Microsoft Inc. (MSFT) has announced a development in hydrogen fuel cells by using them to power its Azure datacenter for 48 consecutive hours.
Shares were up 1% on July 29 at $203.72.
The tech giant says that it has developed a 250-kilowatt fuel cell system that is enough to power a full row of datacenter servers. Microsoft says that the price for hydrogen fuel cells has decreased to the point where they are now affordable for mass deployment as an alternative to diesel-powered backup generators.
In a July 27 press release, Microsoft Principle Infrastructure Engineer Mark Monroe talked about diesel-powered datacenters saying, “They are expensive. And they sit around and don’t do anything for more than 99% of their life.” He added, “And the idea of running them on green hydrogen fits right in with our overall carbon commitments.”
The news is considered a milestone for Microsoft as it marches toward its goal of being carbon negative by 2030. The company says that the process for refueling the fuel cells is similar to diesel fuel with long-haul vehicles that pull up to datacenters to refill their tanks.
Microsoft Chief Environmental Officer Lucas Joppa said, “All of that infrastructure represents an opportunity for Microsoft to play a role in what will surely be a more dynamic kind of overall energy optimization framework that the world will be deploying over the coming years.”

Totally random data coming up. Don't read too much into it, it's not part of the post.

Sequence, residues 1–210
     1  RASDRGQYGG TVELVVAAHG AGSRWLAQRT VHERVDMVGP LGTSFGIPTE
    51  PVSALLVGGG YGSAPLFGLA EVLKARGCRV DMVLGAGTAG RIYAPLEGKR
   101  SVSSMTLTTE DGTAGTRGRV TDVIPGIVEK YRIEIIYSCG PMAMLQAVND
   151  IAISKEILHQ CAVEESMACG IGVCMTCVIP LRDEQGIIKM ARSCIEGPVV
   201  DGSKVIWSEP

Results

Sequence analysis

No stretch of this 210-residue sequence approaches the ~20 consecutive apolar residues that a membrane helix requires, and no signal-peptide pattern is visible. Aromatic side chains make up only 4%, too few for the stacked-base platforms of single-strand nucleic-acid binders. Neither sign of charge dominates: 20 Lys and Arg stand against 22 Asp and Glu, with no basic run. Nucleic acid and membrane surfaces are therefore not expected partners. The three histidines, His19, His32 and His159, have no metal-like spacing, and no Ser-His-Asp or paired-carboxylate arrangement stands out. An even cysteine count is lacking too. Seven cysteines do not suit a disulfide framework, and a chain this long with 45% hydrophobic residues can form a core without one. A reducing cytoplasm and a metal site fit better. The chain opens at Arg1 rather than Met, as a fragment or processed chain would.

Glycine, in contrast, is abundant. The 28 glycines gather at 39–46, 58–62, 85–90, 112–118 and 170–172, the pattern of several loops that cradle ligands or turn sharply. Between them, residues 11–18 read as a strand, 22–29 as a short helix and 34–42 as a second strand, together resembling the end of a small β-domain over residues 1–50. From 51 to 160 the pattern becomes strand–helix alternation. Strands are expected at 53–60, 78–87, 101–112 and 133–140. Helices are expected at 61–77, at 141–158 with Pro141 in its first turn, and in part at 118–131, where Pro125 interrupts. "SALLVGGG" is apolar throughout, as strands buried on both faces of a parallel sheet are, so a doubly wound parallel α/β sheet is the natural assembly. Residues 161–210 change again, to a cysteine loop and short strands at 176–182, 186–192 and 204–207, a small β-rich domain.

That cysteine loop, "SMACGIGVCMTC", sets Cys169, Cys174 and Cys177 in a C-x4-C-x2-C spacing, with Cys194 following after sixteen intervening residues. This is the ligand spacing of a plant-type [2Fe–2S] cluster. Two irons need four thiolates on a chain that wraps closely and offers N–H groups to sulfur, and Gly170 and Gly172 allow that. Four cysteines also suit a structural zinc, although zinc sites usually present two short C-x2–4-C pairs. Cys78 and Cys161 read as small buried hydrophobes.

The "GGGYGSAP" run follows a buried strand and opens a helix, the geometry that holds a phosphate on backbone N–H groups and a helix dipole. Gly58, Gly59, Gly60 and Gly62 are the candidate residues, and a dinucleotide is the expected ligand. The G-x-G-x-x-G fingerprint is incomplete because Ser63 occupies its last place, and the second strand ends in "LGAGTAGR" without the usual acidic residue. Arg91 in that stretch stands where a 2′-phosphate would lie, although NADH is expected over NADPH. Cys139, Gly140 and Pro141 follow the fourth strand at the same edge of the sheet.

Joppa is also Microsoft’s representative on the Hydrogen Council, which represents leading energy, industry, and transport companies seeking to jumpstart the hydrogen economy.
Microsoft says its next steps are to acquire and test a hydrogen fuel cell system that is 3-megawatts in power, which is roughly equivalent to a diesel-powered backup generator used for an Azure data center.
On July 23, Mizuho Securities analyst Gregg Moskowitz commented on Azure, saying, “Revenue doesn’t tell the whole story as MSFT noted an increase in the number of larger, longer-term Azure contracts.” He added that this is “evidenced by strong commercial bookings growth and commercial RPO growth.” He reiterated a Buy rating on the stock and a price target of $225, which implies 10% upside potential.
Microsoft’s stock is up 29% year-to-date with a Strong Buy analyst consensus that breaks down into 26 Buy ratings versus 3 Hold ratings and no Sell ratings. The $225.74 average price target suggests 11% upside potential for the shares in the coming 12 months. (See Microsoft’s stock analysis on TipRanks).
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